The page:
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Shimano deore stop and go kit is utterly dependable: shimano deore stop and go kit is utterly dependable

Shimano Deore stop and go kit is utterly dependable

You also get a 32mm legged Suntour XCR fork with remote lockout and adjustable rebound damping.

The Shimano Deore stop and go equipment is a definite step up from Altus and Alivio, though the skinny, separate-axle M523 crankset and the M396 brakes are cheaper non-series parts. An outboard-bearing crankset would be a bonus, but this is par for the course.

While they roll well and grip better than expected, the basic 30tpi Kenda tyres contribute to a heavy wheel package hefty overall weight too: 14.08kg (31.04lb). Not what you’d expect from a brand with a reputation firmly rooted in racing.

Solid but unspectacular steed

The cockpit is the first thing you notice for two reasons. Nobody in our test team liked the awful bulged-centre grips and some testers found them really bruising and distracting when they hit harder trails. The wider bar was appreciated by everyone though – it adds noticeable accuracy and authority to the Scott’s steering, which is carried right though the 32mm fork legs to the trail.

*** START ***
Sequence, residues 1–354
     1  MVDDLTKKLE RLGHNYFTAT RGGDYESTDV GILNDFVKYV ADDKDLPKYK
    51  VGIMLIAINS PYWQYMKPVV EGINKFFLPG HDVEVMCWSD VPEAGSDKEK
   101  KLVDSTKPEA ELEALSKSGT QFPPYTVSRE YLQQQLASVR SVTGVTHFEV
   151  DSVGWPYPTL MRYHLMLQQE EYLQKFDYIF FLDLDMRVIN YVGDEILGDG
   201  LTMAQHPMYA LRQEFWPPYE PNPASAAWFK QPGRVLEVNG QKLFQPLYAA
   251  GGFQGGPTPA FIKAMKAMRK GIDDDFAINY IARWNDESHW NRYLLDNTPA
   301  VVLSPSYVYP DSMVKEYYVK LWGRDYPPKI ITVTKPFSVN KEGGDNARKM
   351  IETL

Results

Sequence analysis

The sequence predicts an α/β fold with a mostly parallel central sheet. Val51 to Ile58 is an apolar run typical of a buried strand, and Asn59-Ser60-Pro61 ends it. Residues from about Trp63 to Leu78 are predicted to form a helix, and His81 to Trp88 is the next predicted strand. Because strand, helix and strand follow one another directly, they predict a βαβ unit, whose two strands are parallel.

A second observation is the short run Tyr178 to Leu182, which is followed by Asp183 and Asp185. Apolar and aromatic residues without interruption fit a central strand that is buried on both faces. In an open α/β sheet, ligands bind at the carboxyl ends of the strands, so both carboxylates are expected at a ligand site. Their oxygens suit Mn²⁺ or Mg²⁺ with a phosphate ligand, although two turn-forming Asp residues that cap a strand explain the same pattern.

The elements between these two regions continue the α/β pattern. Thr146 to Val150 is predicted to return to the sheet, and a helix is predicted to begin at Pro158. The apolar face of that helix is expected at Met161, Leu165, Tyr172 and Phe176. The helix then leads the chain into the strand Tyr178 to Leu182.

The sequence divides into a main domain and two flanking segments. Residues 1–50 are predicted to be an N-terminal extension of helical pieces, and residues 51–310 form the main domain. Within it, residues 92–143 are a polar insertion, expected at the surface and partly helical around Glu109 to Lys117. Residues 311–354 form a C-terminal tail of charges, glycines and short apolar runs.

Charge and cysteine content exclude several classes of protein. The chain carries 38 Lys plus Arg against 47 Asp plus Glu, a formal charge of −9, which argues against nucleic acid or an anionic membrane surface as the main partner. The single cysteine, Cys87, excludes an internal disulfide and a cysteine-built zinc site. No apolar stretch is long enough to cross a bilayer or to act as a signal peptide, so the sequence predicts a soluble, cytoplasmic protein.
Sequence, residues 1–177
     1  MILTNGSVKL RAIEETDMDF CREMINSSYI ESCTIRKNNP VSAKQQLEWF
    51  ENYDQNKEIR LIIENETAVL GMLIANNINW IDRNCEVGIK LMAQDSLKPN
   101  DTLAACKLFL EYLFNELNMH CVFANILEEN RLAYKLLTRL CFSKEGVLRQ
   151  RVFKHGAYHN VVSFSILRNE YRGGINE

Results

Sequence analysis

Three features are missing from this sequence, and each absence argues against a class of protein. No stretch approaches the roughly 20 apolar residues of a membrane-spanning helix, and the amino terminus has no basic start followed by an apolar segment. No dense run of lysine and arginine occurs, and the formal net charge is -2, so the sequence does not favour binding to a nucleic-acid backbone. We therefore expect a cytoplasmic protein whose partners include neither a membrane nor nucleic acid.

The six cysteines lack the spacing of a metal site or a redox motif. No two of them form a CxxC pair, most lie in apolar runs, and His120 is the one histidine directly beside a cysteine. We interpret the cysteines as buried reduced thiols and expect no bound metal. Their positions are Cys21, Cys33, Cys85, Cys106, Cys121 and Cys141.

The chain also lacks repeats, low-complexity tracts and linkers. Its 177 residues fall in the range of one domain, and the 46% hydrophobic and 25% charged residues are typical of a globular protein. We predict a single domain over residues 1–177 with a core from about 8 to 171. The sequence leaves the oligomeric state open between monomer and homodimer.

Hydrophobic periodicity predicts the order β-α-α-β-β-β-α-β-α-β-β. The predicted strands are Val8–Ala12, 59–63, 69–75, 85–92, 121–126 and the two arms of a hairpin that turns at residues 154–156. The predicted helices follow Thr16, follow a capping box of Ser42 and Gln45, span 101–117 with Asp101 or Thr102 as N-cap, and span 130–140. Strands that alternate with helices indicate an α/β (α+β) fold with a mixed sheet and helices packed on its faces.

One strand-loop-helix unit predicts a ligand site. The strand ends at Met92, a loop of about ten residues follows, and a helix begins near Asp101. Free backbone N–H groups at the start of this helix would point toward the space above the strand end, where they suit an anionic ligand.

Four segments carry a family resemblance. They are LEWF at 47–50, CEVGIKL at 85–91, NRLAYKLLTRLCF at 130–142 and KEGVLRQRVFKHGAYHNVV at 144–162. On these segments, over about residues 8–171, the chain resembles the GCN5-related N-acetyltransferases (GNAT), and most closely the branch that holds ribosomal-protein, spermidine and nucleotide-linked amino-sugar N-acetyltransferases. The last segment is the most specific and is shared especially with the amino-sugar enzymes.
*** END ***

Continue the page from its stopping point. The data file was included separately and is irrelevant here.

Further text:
Despite being 10mm longer than listed, the 90mm stem also reacts fast enough to snatch back slipping traction if you push the semi-slick Kenda tyres a bit too hard or they decide to skate off randomly on roots or rocks.

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The aspect holds its speed nicely on flatter trails: the aspect holds its speed nicely on flatter trails

The Aspect holds its speed nicely on flatter trails

The shortish stem and chainstays put the handling centre exactly where you’d expect, rather than making the bike feel like it’s folding in half underneath you. The chunky-chainstayed frame feels equally responsive and direct too. That means that, despite the overall weight and lardy wheelset, plus skinny-spindled cranks to propel it, the Aspect always felt punchy when we put the power down.

The fast-rolling Slant Six tyres help with speed sustain on smooth surfaces and if you’re sprinting up a fireroad you can lock the fork rigid remotely. Having decent brakes always helps too, and while the cheap Shimanos on the Scott aren’t amazing they’re predictably controlled and easy to look after over time. The 180mm front rotor adds a bit more braking bite too and we always had more power in the brakes than we did adhesion in the tyres.